Rugby Australia's infighting could jeopardise the governing body's legal dispute against Israel Folau, a new report says. Cheika quit his post after Australia's Rugby World Cup failure then revealed a broken relationship with Castle, plus RA chairman Cameron Clyne. Castle responded by pointing out the dire lack of results under Cheika's tenure since he reached the final of the previous World Cup. Somehow, the warring parties must come together to combat Folau's $10 million legal claim against Rugby Australia, which could cripple the sport.
David Pocock, sporting a battle wound on his face from a brutal quarter-final against England, echoed Hooper's comments.
"In the wash-up there's so much talk about CEO-coach relationship … and they were certainly very good at hiding that from the players," Pocock said. "From our perspective, we prepared as best we could."
Now Cheika has all but left the building, RA must decide the best way ahead. The governing body may yet heed the call by former Wallabies captain Andrew Slack to hold a completely independent review.
Castle is in Japan for a few more weeks attending SANZAAR and World Rugby meetings and will work to establish the terms of the review.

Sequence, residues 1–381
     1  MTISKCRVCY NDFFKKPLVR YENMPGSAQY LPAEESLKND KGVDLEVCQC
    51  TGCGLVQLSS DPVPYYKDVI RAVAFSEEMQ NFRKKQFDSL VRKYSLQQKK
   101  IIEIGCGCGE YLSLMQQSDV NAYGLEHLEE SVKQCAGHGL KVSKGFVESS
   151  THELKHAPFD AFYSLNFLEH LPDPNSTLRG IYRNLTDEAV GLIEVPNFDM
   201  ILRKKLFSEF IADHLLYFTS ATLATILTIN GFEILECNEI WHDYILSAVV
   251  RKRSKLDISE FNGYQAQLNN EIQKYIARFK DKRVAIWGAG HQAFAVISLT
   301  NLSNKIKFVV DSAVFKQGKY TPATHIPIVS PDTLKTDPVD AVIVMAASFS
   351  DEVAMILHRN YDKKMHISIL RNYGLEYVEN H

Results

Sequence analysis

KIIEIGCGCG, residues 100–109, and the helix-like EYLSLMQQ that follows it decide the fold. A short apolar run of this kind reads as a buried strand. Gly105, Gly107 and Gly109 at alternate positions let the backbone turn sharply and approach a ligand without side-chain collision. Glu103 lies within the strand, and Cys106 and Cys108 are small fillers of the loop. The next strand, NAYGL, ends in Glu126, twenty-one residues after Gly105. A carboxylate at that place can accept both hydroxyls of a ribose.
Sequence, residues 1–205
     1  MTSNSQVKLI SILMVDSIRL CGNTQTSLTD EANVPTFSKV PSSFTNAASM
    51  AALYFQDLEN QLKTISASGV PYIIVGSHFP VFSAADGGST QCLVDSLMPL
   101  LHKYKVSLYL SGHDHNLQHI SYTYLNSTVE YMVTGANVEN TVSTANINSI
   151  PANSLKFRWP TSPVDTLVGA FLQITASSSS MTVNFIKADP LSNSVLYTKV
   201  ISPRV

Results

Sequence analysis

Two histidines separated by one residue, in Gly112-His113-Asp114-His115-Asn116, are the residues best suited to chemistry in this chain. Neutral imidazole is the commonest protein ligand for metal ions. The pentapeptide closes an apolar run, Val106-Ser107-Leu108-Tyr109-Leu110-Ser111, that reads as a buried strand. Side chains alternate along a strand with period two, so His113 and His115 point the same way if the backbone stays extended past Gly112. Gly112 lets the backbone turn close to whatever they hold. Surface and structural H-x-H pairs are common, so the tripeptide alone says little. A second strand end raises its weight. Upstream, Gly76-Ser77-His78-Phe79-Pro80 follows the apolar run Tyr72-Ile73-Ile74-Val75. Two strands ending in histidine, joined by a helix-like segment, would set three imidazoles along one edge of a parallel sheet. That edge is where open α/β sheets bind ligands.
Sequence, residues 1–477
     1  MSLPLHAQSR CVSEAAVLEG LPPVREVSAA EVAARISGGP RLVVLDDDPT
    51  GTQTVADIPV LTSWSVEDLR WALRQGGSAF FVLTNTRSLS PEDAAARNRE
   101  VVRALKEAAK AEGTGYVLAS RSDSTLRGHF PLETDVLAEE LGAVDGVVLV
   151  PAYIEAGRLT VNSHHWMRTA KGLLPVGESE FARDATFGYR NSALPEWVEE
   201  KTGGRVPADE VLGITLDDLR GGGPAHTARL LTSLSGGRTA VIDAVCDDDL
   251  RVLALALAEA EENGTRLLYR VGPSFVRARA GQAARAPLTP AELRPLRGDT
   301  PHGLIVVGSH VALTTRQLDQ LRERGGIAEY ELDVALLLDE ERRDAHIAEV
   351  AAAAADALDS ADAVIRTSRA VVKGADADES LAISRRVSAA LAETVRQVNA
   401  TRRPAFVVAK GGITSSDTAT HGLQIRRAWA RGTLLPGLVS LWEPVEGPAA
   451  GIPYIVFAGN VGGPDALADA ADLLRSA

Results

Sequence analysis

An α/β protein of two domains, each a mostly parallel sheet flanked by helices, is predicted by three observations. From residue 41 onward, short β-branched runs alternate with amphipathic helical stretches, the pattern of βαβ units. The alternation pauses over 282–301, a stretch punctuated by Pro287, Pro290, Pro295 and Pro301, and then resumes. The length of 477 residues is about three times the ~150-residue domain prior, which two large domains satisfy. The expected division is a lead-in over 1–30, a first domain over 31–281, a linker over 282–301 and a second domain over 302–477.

An RA spokesperson would not say if an independent review was being considered, however a source told the Herald the cost of getting an external company to do so might might mean an in-house review is a preferred option.
On Sunday in a press release, Castle was quoted as saying: "Scott Johnson will lead a thorough review of the Rugby World Cup campaign and the 2019 season. This is an important process which is undertaken at the completion of each tournament or series and this review will examine all aspects of the Wallabies program, from coaching to physical preparation, player fitness and skill development.
"As expected at the end of a Rugby World Cup year, there are a handful of senior players leaving the Wallabies program and coaching staff coming off contract ahead of next year. There has already been much work completed in preparing for the future in this regard and that work will also continue until the end of the year."
Rugby World Cup 2019: Michael Cheika and Raelene Castle had altercation at function, report .
Cheika last week revealed his relationship with Castle had become non-existent towards the end of his Wallabies tenure.Cheika alluded to the breakdown of his relationship with Castle and RA chairman Cameron Clyne upon announcing his resignation on Sunday following his side’s 40-16 quarter-final loss to England.